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Course content

This Masters in Bioinformatics (formerly Bioinformatics, Polyomics and Systems Biology) is an exciting and innovative programme that has recently been revamped. Bioinformatics is a discipline at the interface between biology, computing and statistics and is used in organismal biology, molecular biology and biomedicine. This programme focuses on using computers to glean new insights from DNA, RNA and protein sequence data and related data at the molecular level through data storage, mining, analysis and graphical presentation - all of which form a core part of modern biology.

Why this programme

  • Our programme emphasises understanding core principles in practical bioinformatics and functional genomics, and then implementing that understanding in a series of practical elective courses in semester 2 and in a summer research project.
  • You will benefit from being taught by scientists at the cutting edge of their field and you will get intensive, hands-on experience in an active research lab during the summer research project.
  • Bioinformatics and the 'omics' technologies have evolved to play a fundamental role in almost all areas of biology and biomedicine.
  • Advanced biocomputing skills are now deemed essential for many PhD studentships/projects in molecular bioscience and biomedicine, and are of increasing importance for many other such projects.
  • The semester 2 courses are built around real research scenarios, enabling you not only to gain practical experience of working with large molecular datasets, but also to see why each scenario uses the particular approaches it does and how to go about organising and implementing appropriate analysis pipelines.
  • You will be based in the College of Medical, Veterinary & Life Sciences, an ideal environment in which to train in bioinformatics. Our College has carried out internationally-leading research in functional genomics and systems biology.
  • Some of the teaching and research scenarios you’ll be exposed to reflect the activities of 'Glasgow Polyomics', a world-class omics facility set up within the university in 2012 to provide research services using microarray, proteomics, metabolomics and next-generation DNA sequencing technologies. Its' scientists have pioneered the 'polyomics' approach, in which new insights come from the integration of data across different omics levels.
  • In addition, we have several world-renowned research centres at the University, such as the Wellcome Centre for Molecular Parasitology, the MRC-University of Glasgow Centre for Virus Research and the Wolfson Wohl Cancer Research Centre, whose scientists do ground-breaking research employing bioinformatic approaches in the study of disease.
  • You will learn computer programming in courses run by staff in the internationally reputed School of Computing Science, in conjunction with their MSc in Information Technology.

Programme structure

Bioinformatics helps biologists gain new insights about genomes (genomics) and genes, about RNA expression products of genes (transcriptomics) and about proteins (proteomics); rapid advances have also been made in the study of cellular metabolites (metabolomics) and in a newer area, systems biology.

‘Polyomics’ is an intrinsically systems-level approach involving the integration of data from these ‘functional genomics’ areas - genomics, transcriptomics, proteomics and metabolomics - to derive new insights about how biological systems function.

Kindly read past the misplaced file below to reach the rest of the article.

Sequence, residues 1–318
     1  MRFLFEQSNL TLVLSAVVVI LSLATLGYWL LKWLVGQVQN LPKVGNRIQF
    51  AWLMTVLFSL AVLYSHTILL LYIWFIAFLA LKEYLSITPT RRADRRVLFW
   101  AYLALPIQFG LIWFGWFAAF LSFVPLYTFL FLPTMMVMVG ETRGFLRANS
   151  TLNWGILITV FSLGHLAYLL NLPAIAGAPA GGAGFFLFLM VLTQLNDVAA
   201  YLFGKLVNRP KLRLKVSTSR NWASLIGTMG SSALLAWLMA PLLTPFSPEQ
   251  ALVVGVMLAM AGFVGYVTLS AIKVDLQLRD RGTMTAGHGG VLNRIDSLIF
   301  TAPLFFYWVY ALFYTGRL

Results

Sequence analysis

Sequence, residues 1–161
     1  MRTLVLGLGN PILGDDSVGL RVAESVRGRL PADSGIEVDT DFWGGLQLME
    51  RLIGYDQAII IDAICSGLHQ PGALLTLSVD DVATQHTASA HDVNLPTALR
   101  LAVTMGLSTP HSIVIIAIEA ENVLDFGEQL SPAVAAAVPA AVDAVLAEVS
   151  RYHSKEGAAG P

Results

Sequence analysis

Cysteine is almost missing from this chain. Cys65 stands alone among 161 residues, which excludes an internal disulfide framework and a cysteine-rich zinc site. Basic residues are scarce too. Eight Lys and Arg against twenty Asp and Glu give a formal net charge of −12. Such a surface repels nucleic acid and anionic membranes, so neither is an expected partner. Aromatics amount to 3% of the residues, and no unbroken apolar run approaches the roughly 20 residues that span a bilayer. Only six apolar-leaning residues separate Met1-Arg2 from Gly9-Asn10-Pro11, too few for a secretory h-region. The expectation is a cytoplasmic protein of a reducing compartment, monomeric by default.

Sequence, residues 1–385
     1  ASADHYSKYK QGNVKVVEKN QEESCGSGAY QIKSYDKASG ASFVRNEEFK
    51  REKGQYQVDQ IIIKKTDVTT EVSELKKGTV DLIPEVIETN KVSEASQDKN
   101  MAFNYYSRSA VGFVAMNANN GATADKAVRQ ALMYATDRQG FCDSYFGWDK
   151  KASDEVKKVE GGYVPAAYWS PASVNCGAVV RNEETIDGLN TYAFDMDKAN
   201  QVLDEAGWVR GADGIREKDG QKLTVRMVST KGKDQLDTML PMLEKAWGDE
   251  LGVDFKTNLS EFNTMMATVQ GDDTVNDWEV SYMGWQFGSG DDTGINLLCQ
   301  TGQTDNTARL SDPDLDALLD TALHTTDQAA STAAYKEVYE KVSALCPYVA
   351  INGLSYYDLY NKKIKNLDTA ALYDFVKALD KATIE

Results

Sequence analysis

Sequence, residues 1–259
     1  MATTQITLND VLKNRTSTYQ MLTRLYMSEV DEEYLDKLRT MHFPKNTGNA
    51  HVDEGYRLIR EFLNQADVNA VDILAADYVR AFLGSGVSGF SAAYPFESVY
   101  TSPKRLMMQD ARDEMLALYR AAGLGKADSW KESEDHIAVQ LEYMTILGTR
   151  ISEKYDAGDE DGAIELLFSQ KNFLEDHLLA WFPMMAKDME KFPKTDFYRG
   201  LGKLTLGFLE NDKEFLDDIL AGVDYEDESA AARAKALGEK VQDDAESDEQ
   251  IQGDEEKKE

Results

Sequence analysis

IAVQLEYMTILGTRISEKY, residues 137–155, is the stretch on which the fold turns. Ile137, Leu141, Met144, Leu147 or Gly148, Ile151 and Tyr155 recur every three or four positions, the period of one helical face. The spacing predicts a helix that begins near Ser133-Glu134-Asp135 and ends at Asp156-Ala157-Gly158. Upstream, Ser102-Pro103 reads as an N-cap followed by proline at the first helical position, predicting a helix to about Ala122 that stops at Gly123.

The programme structure is designed to equip students with understanding and hands-on experience of both computing and biological research practices relating to bioinformatics and functional genomics, to show students how the computing approaches and biological questions they are being used to answer are connected, and to give students an insight into new approaches for integration of data and analysis across the 'omics' domains.

On this programme, you will develop a range of computing and programming skills, as well as skills in data handling, analysis (including statistics) and interpretation, and you will be brought up to date with recent advances in biological science that have been informed by bioinformatics approaches.

The programme has the following overall structure

  • core material of 60 credits in semester 1, made up of 10, 15 and 20 credit courses.
  • optional material of 60 credits in semester 2: students select 4 courses (two 10 credit courses and two 20 credit courses) from those available.
  • Project of 60 credits over 14 weeks embedded in a research group over the summer.

Additional information about the programme can be found in the Bioinformatics MSc Programme Structure 2017-18.

Please note: students undertaking the three month PgCert will also be required to take two exams in March/April.

Career prospects

Most of our graduates embark on a University or Institute-based research career path, here in the UK or abroad, using the skills they've acquired on our programme. These skills are now of primary relevance in many areas of modern biology and biomedicine. Many are successful in getting a PhD studentship. Others are employed as a core bioinformatician (now a career path within academia in its own right) or as a research assistant in a research group in basic biological or medical science.

A postgraduate degree in bioinformatics is also valued by many employers in the life sciences sector - eg computing biology jobs in biotechnology, biosciences, neuroinformatics and the pharma industries.

Some of our graduates have entered science-related careers in scientific publishing or education. Others have gone into computing-related jobs in non-bioscience industry or the public sector.


Visit the Bioinformatics - MSc/PgDip/PgCert page on the University of Glasgow website for more details!

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